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Electrocatalysis

, Volume 11, Issue 1, pp 1–13 | Cite as

Controlled-Atmosphere Flame Fusion Growth of Nickel Poly-oriented Spherical Single Crystals—Unraveling Decades of Impossibility

  • Derek Esau
  • Fabian M. Schuett
  • K. Liam Varvaris
  • Jonas Björk
  • Timo JacobEmail author
  • Gregory JerkiewiczEmail author
Original Research

Abstract

Experimental research using monocrystalline electrodes has been a hallmark of interfacial electrochemistry and electrocatalysis since 1980. However, it has been limited to mainly noble metals because of the challenges encountered when using non-noble metals. We report on the development of controlled-atmosphere flame fusion that enables the growth of spherical single crystals of non-noble metals in controlled gaseous atmosphere and without the formation of surface or bulk oxides. The set-up is used to grow nickel single crystals the structure of which is verified using Laue X-ray back-scattering and scanning electron microscopy (SEM). The equilibrium shape of the nickel single crystals calculated using Wulff construction agrees with the actual shape determined using SEM. Electrochemical measurements in aqueous NaOH solution using the monocrystalline Ni electrodes reveal cyclic voltammetry features unique to their surface structure. The methodology, transferrable to other metals, creates enormous research opportunities in interfacial electrochemistry, electrocatalysis, surface science, gas-phase catalysis, and corrosion science.

Graphical Abstract

Keywords

Nickel single crystal Controlled atmosphere flame fusion Wulff construction Low miller index surfaces Cyclic voltammetry 

Notes

Acknowledgments

We gratefully acknowledge the technical support of Charles Hearns and Patrick Given in designing and manufacturing the stainless-steel chamber bottom. We thank Drs. Gabriele Schatte and Kevin McEleney for their assistance in acquiring scanning electron microscope images. We thank Profs. Christophe Coutanceau and Stève Baranton for their assistance in manufacturing the quartz chamber.

Author Contributions

D.E. and F.M.S. carried out all the experiments, developed the CAFF set-up and method, analyzed the data, and wrote the first version of the manuscript with equal contributions. K.L.V contributed to materials synthesis and to the electrochemical measurements. J.B. carried out the DFT calculations of the Wulff construction under the guidance of T.J. G.J. and T.J. conceived the experiments, supervised the project, analyzed the results, and contributed to the manuscript writing. All authors contributed to the discussion section and the finalization of the text and figures of the manuscript.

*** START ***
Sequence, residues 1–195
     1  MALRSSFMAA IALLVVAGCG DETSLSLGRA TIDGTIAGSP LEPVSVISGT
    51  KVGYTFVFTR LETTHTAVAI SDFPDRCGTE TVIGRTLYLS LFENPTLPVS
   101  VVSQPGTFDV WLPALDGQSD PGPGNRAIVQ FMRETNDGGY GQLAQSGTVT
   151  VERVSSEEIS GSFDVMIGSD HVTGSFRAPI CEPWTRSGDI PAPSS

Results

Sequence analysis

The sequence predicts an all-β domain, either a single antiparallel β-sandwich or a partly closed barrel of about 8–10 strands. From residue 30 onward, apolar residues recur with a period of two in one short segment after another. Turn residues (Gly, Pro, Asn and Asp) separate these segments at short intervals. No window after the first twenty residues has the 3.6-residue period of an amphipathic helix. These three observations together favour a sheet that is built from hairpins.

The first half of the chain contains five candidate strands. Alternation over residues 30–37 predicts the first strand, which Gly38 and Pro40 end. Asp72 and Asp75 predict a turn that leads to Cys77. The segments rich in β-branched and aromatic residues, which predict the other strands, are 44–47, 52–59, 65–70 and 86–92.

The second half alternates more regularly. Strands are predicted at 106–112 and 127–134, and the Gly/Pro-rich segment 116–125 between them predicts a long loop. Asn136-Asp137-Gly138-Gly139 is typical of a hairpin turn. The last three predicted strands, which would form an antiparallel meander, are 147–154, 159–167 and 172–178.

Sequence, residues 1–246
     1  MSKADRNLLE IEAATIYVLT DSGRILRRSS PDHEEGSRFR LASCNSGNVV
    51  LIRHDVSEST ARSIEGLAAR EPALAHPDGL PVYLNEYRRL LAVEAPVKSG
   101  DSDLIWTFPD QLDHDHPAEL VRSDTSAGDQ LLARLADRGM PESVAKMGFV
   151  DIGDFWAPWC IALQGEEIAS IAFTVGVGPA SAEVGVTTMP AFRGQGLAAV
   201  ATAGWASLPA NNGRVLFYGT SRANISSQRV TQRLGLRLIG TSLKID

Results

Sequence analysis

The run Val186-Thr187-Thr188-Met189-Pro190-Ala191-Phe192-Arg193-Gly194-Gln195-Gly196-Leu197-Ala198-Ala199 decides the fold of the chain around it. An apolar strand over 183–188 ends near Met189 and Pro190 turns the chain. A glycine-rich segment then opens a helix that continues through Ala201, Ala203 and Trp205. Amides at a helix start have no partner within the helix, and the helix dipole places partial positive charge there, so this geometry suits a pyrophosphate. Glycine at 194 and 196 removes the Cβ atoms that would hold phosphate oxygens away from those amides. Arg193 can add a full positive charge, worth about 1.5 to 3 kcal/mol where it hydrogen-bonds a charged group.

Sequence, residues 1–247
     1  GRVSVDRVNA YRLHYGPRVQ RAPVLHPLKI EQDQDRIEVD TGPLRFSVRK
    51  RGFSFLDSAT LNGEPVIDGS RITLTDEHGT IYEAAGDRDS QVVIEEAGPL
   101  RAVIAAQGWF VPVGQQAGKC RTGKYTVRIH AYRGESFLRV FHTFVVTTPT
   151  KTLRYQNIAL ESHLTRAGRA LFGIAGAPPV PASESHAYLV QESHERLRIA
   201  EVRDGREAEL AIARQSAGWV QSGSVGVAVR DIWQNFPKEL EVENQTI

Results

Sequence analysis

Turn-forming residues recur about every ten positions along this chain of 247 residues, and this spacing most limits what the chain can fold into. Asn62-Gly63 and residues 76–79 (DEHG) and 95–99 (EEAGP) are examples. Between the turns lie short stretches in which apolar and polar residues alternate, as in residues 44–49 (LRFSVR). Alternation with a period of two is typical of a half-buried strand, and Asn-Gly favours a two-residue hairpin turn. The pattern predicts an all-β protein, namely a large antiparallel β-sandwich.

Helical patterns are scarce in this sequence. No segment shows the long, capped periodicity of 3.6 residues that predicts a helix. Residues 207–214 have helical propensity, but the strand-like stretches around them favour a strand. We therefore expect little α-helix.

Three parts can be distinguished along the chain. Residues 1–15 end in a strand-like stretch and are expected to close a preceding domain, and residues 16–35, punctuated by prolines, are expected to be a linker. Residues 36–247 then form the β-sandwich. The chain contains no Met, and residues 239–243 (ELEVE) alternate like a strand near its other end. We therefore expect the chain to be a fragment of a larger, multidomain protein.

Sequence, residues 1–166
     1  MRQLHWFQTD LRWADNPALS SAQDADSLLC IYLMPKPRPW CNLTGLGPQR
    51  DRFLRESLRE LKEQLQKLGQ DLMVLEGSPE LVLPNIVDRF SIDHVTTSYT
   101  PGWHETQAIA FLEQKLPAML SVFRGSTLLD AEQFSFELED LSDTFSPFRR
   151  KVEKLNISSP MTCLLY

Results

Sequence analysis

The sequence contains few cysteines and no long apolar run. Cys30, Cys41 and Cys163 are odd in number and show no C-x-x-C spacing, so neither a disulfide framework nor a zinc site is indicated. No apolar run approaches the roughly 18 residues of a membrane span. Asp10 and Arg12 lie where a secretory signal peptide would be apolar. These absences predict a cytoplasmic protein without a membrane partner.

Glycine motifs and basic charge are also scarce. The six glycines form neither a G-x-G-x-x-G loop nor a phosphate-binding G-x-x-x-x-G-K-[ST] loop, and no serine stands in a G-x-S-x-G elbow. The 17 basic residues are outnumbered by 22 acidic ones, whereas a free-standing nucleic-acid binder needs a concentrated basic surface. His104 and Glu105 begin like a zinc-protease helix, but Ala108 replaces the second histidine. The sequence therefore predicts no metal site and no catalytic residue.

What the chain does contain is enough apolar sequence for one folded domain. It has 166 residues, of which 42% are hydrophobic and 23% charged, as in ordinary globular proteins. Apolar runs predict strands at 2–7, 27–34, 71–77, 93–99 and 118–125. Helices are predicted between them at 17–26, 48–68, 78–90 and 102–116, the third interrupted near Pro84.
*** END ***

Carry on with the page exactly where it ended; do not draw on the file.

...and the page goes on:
Funding information

This research was conducted as part of the Engineered Nickel Catalysts for Electrochemical Clean Energy project administered from Queen’s University and supported by grant number RGPNM 477963-2015 under the Natural Sciences and Engineering Research Council of Canada (NSERC) Discovery Frontiers Program. This work was supported by MITACS through the Globalink Research Award and the DAAD which made the collaboration between Queen’s University and Ulm University possible. This work was funded by the German Research Foundation (DFG) under project ID 390874152 (POLiS Cluster of Excellence) as well as the Sonderforschungsbereich (collaborative research centre) SFB-1316.

Compliance with Ethical Standards

Competing Interests

The authors declare no competing interests.

Other Comments

The research presented in this manuscript was initially submitted to Science on June 18, 2019 and subsequently to Nature Materials on September 12, 2019. The research was presented at the 70th Annual Meeting of the International Society of Electrochemistry in Durban, South Africa, on August 8, 2019 (the respective abstract was published on the ISE website on June 25, 2019).

Supplementary material

12678_2019_575_MOESM1_ESM.docx (2.3 mb)
ESM 1 (DOCX 2319 kb).

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Copyright information

© Springer Science+Business Media, LLC, part of Springer Nature 2020

Authors and Affiliations

  1. 1.Department of ChemistryQueen’s UniversityKingstonCanada
  2. 2.Institute of ElectrochemistryUlm UniversityUlmGermany
  3. 3.Department of Physics, Chemistry and BiologyIFM, Linköping UniversityLinköpingSweden
  4. 4.Helmholtz-Institute-Ulm (HIU) Electrochemical Energy StorageUlmGermany
  5. 5.Karlsruhe Institute of Technology (KIT)KarlsruheGermany

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